Abstract: Applications of GIS in Assessing Migrant Access to Health Care: A Systematic Review (Society for Social Work and Research 27th Annual Conference - Social Work Science and Complex Problems: Battling Inequities + Building Solutions)

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675P Applications of GIS in Assessing Migrant Access to Health Care: A Systematic Review

Sunday, January 15, 2023
Phoenix C, 3rd Level (Sheraton Phoenix Downtown)
* noted as presenting author
Elizabeth Hatch, MSW, MPA, Doctoral Candidate, Arizona State University, AZ
Clinton Reiswig, MSW, MPP, Doctoral Student, Arizona State University, AZ
Background/Purpose: Social infrastructure includes the mechanisms and facilities through which social capital is built and impacts the ways in which populations access resources. This includes the healthcare system. For migrant populations, social infrastructure is particularly influential as they tend to depend more heavily on these mechanisms and systems as they build social capital in new spaces. The current study aimed to examine how geographic information systems (GIS) and geospatial analysis have been used to measure and address inequities in social infrastructure, specifically access to healthcare for migrant populations. This inventory highlights trends and provides examples of practices that utilize geospatial analysis to address disparities in access to healthcare.

Methods: A systematic review was conducted following the PRIMA guidelines. Five databases were used to identify literature including Academic Search Premier, ProQuest, ABI/Inform, Scopus, and CINAHL for articles published in English. To be included in analysis, articles must have referred to refugees, migrants, or immigrants as a population being examined, either from a source of primary or secondary data. The article must also utilize some type of GIS, include a health-related outcome, and include an operationalization of access.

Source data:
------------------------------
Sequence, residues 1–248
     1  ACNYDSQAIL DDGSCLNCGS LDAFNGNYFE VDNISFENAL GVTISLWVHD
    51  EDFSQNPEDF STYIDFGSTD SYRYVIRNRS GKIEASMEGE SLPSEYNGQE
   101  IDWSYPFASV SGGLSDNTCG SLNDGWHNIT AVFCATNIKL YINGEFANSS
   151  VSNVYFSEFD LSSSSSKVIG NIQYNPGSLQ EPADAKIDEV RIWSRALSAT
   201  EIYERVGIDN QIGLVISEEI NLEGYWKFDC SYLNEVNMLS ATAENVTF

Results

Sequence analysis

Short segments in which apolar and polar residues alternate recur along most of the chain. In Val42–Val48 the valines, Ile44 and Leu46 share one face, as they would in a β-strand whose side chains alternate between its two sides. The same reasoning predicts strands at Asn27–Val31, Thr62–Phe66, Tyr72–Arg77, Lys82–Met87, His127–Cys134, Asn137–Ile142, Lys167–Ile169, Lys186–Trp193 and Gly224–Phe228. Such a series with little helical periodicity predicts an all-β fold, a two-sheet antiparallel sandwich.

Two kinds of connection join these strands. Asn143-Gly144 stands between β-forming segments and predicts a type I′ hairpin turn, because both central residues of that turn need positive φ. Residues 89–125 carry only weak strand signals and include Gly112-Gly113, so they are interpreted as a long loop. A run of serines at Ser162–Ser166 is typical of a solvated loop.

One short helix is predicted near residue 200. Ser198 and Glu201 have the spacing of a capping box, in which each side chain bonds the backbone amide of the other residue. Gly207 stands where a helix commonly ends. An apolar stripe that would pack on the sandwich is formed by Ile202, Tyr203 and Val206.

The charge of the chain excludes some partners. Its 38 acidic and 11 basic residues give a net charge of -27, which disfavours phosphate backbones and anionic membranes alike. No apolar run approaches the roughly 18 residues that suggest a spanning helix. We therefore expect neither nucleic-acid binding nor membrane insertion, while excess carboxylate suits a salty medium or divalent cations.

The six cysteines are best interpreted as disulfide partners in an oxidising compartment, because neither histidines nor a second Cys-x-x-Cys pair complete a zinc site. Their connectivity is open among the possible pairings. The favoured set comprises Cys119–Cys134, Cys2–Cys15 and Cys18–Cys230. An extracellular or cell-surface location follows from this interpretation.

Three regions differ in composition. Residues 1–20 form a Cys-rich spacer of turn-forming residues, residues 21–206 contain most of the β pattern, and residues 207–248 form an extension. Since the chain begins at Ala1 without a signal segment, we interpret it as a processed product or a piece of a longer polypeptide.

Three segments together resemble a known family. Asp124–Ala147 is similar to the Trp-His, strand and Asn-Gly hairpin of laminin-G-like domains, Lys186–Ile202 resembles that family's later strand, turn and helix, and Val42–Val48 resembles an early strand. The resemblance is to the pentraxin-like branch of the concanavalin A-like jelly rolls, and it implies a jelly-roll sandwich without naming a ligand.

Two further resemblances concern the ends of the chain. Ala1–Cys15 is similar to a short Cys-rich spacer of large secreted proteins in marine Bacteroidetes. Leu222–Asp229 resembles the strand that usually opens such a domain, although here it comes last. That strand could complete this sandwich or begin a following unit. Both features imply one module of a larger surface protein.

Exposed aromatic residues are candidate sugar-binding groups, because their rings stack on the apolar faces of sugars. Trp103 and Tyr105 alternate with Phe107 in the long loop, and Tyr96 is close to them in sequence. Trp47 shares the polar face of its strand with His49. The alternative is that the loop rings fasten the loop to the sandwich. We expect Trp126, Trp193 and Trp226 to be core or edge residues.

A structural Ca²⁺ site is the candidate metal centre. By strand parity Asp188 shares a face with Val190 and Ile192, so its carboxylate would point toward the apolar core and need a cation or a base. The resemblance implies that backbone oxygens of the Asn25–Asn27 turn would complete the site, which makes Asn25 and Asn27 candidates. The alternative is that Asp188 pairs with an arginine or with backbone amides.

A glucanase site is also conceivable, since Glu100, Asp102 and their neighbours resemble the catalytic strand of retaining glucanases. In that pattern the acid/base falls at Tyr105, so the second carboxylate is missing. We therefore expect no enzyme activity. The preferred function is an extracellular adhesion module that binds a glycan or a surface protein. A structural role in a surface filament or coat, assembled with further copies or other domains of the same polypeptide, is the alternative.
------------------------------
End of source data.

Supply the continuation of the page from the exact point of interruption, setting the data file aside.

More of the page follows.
Results: Most of the studies included in the review operationalize access as distance to healthcare services and ability to obtain health insurance. Studies often incorporated multiple sources of data, both qualitative and quantitative. Study data was collected through surveys and interviews as well as drawn from secondary sources, such as censuses and health departments. The two main types of articles we identified included those which utilized GIS as a tool to demonstrate the distribution of study variables and results, and those studies that utilized GIS to conduct geospatial analysis. Studies that conducted geospatial analysis included those with descriptive analysis and those with inferential analysis. Descriptive types often utilized GIS to determine distances to resource centers and demonstrate population and sample characteristics. Inferential types of articles included both spatial autocorrelation and regression analysis, demonstrating systematic patterns of access and how variables measuring access predict health outcomes.

Conclusions and Implications: We found that access to health care for migrant populations around the world is often substandard. Fortunately, much of the literature included in this analysis calls attention to present and future efforts to improve access for these populations. Social work practitioners and scholars can utilize the findings from these studies employing geospatial analysis as tools to advocate for improvements in access to health care for migrant populations.